Now and forever, America’s first Olympic gold medalist in judo will be Kayla Harrison, the pride of Middletown.
Harrison, competing at 78 kilograms (172 pounds), completed a 4-0 run through the London Summer Games by disappointing the ExCel Arena home crowd Thursday with a victory over Great Britain’s Gemma Gibbons.
As “Star Spangled Banner” played, Harrison couldn’t avoid tears on the podium, a gold medal draped from her neck.
“I just reflected back on my life and everything that it’s taken to get here and everything that I’ve gone through,” she explained. “Everyone in my family has sacrificed. My coaches, my teammates — it’s not every four years, it’s every day. And I’m so honored to be America’s first gold medalist and happy to realize my dream.”
Everything that it’s taken includes surviving three years of sexual abuse from her coach as a child and overcoming thoughts of suicide.
She testified against the coach, Daniel Doyle, who was sentenced to 10 years in prison.
Her move to go public started when she told a fellow judo athlete, Aaron Handy, who in turn told Kayla’s mother.
At 22, Harrison now is engaged to Handy.
“We haven’t picked a date yet. Who knows?” Harrison said moments after stepping off the awards podium. With a laugh, she added: “I’d get married right now.”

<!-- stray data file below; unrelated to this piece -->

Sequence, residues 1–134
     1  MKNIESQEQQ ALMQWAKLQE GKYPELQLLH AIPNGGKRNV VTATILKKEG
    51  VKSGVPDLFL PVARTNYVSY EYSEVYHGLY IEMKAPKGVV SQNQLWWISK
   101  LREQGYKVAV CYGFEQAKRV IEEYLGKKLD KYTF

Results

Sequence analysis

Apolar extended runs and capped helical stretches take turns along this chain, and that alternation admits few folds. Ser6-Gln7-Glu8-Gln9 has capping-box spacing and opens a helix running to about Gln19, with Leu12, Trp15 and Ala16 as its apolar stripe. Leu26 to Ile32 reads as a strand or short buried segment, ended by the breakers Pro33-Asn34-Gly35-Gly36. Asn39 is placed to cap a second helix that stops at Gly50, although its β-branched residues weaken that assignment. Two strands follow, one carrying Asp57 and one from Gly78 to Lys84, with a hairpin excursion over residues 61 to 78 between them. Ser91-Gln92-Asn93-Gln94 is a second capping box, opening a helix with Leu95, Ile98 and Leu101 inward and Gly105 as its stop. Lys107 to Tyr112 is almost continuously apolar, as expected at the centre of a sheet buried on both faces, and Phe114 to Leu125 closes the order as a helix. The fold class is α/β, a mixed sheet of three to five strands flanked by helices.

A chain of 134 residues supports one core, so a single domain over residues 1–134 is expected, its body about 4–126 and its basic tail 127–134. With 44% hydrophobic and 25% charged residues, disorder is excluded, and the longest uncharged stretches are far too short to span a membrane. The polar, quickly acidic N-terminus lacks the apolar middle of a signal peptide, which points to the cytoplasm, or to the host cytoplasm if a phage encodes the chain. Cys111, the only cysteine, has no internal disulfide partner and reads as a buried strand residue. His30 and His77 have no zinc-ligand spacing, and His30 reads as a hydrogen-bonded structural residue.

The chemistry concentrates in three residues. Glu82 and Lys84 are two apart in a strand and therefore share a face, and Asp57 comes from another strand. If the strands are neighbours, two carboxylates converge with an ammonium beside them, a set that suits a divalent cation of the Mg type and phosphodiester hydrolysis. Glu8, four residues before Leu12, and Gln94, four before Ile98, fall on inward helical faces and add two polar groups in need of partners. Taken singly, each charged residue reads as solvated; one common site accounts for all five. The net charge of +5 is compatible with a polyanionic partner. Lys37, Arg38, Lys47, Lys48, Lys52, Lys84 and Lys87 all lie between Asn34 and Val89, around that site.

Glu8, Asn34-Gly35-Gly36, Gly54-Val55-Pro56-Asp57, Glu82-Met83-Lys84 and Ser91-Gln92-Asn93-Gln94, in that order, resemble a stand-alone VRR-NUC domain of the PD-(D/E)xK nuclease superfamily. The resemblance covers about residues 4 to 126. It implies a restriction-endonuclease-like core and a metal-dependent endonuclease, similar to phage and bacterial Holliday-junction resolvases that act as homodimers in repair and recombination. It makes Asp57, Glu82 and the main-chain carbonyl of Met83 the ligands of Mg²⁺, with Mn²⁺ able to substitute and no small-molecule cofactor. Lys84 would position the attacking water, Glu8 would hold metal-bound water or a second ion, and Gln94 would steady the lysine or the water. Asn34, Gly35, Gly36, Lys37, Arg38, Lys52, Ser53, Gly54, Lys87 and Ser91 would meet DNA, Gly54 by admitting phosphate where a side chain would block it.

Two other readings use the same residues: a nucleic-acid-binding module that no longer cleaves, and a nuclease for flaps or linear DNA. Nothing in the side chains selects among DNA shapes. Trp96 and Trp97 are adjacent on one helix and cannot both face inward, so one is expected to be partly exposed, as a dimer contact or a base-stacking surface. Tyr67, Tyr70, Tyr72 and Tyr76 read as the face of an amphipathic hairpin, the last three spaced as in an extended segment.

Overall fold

She said she hopes to use her story — the good and the bad — to help others.
“I can’t wait to get started helping others, and helping others realize their dream, and realize that there’s more to life than what they are living in right there. I can’t wait,” she said. “I want to help kids realize their Olympic dreams and I want to help kids overcome being victims.”
On the mat Thursday, Harrison was no victim.
She was focused, seemingly oblivious to the presence of Russian President Vladimir Putin, who was on hand to see Tagir Khaibulaev win the men’s 100-kilo gold.
“I wanted to brawl,” she said of her strategy versus Gibbons, who had never medaled in a European Championships let alone a World Championship. “I wanted a relentless pursuit of my opponent. I wanted to go out there and I wanted to dominate the entire fight. And I wanted the crowd to know and I wanted myself to know that I was Olympic champion today.
“Gemma showed up. She fought with a lot of heart. The crowd helped her a ton. It’s an amazing crowd here tonight, and she is a fierce, fierce competitor. … Today was just my day.”
It was also U.S. Judo’s day, according to Jimmy Pedro, the Team USA coach as well as Harrison’s personal coach at his Wakefield, Mass., dojo.
“U.S. Judo’s never been televised our country, really,” Pedro said, “With Kayla’s story, the American media has really followed her, they’ve televised this live at home. They’re going to eat her up from here until forever. She’s going to enjoy this ride, trust me.
“She’s a sweetheart. Good, good person. Cares about other people. Always willing to give back. I say that she has an attitude of gratitude, and there’s nobody more deserving that her to climb the top of the podium today. Because she never skips a practice, she never skips a run, a lift. She’s spot-on as an athlete.”
“Spot on” is not exactly judo talk, as all the terminology is in Japanese.